Congress takes some hurt out of sequester

(CBS News) WASHINGTON -- Congress passed legislation Thursday that will allow many government agencies more leeway in deciding which programs must be cut.

Congress members leave for spring break, March 21, 2013.
CBS News

The original legislation called for across-the-board eight percent cuts in defense programs and five percent cuts in domestic programs.

Congress headed out for spring break minutes after passing the $1 trillion measure, which gives many federal agencies the flexibility to decide what they cut under the forced sequestration.

That includes the Pentagon, which today announced it will delay the possible furloughs of up to 800,000 civilian workers.

Long lines of people at Miami airport, March 2013.
CBS News

Besides the Pentagon, other agencies given flexibility on cuts include the State Department, Veterans Affairs, Justice, Commerce, Agriculture, NASA, Food and Drug Administration and Homeland Security.

The measure added money specifically for meat inspections and the Border Patrol and found a way to protect military tuition assistance.

The effects of the cuts to the Border Patrol were already being felt last weekend at the Miami airport. There were long lines for passengers returning from overseas because the agency had stopped paying overtime to border agents.

FAA is expected to close air traffic control towers at small airports.
CBS News

Agencies that will still have to swallow across-the-board reductions include the Department of Education, Energy, Environmental Protection Agency, Health and Human Services, Housing and Urban Development, Interior and Transportation.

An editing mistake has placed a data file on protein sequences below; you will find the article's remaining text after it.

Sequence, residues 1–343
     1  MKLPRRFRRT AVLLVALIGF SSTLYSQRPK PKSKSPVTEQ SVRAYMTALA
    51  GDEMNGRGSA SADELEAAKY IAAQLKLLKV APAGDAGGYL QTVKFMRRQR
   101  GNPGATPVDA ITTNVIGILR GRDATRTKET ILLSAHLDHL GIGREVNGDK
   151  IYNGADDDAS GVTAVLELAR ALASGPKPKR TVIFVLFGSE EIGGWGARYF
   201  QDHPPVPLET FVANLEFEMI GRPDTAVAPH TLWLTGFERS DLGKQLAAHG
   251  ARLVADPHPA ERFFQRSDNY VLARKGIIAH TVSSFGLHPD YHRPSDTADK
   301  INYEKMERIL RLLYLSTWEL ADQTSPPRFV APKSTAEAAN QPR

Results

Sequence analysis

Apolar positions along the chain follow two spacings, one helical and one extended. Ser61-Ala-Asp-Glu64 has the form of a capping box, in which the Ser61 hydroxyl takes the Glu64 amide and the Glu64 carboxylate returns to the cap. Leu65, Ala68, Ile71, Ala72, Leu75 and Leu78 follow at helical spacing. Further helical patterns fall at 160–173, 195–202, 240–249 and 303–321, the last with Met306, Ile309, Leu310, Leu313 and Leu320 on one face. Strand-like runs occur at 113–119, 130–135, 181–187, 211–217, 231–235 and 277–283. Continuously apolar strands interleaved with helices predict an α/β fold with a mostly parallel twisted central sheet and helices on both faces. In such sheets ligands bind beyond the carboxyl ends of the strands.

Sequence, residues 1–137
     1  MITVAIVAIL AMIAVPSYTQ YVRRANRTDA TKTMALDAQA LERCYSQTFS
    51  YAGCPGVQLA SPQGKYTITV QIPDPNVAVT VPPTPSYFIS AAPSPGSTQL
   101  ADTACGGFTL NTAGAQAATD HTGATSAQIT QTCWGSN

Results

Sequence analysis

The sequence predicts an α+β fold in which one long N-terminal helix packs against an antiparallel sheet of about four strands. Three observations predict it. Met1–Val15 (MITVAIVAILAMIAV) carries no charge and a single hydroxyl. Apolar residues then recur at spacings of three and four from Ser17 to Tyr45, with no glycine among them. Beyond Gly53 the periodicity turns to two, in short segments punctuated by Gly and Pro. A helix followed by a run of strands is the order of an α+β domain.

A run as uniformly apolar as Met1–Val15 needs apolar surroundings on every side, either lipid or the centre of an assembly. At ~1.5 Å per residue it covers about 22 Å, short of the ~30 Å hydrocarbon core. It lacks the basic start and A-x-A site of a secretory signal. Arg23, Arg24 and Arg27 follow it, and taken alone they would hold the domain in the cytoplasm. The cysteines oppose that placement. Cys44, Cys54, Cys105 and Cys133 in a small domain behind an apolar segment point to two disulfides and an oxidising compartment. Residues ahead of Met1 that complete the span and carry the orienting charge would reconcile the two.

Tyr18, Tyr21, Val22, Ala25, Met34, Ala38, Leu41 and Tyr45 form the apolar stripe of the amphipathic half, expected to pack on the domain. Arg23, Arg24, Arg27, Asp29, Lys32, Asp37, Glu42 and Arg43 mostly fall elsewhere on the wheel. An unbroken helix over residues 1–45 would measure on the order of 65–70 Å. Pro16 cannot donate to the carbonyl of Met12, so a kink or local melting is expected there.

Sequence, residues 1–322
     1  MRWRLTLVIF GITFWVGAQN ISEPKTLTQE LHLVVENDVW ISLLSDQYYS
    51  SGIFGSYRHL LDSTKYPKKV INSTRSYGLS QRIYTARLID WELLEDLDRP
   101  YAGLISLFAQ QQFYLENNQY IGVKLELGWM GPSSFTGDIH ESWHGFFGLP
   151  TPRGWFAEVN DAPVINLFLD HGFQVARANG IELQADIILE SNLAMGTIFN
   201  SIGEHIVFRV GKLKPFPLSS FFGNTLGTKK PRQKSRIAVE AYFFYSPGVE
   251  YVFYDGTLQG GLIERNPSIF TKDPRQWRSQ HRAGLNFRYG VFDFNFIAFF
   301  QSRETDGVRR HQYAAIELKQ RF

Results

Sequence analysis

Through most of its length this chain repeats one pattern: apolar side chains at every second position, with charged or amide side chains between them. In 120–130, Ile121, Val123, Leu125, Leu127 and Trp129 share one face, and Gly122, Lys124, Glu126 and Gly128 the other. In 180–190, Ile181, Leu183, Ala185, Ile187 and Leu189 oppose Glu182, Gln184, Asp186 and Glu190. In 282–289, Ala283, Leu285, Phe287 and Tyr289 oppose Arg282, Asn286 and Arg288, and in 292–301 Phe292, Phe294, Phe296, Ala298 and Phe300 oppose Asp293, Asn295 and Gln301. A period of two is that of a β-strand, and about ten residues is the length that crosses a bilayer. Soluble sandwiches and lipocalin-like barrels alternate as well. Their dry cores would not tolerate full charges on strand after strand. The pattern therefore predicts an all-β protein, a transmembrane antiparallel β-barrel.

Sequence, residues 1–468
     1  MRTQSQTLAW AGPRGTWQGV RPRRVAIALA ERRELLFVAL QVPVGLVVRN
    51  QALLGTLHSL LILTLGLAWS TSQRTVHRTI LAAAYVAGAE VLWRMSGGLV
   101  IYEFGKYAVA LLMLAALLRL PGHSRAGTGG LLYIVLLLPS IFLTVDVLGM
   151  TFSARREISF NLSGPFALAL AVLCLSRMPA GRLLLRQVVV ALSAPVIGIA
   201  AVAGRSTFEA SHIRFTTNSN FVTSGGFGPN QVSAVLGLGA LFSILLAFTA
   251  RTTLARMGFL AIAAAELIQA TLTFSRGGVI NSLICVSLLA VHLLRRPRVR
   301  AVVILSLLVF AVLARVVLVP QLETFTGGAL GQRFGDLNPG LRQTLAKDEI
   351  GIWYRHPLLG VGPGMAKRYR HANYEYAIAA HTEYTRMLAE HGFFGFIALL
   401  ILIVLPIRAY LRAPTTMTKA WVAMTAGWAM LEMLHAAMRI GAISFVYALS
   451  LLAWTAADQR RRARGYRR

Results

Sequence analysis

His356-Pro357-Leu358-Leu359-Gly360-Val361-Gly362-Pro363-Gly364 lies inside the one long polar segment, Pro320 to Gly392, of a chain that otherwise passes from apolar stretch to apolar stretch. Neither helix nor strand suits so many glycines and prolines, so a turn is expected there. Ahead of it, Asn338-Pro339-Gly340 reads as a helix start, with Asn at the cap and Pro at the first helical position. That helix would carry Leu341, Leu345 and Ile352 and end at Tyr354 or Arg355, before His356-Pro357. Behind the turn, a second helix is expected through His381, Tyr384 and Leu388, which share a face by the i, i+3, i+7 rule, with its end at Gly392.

That means the Federal Aviation Administration is expected to move forward with closing air traffic control towers at some smaller airports mostly used by private planes.

Three weeks in, sequester impacts growing
GOP blasts WH over sequester preparation
White House staff to be furloughed due to sequester
Obama administration struggles to illustrate pain from sequester
U.S. budget impasse weighs on markets

The State Department actually ended up with $1.4 billion more than originally requested to increase diplomatic security worldwide.

That's because of an assessment made after the September 11 terrorist attacks on Americans in Benghazi, Libya.

  • Sharyl Attkisson On Twitter»

    Sharyl Attkisson is a CBS News investigative correspondent based in Washington.

The all new
CBS News App for Android® for iPad® for iPhone®
Fully redesigned. Featuring CBSN, 24/7 live news. Get the App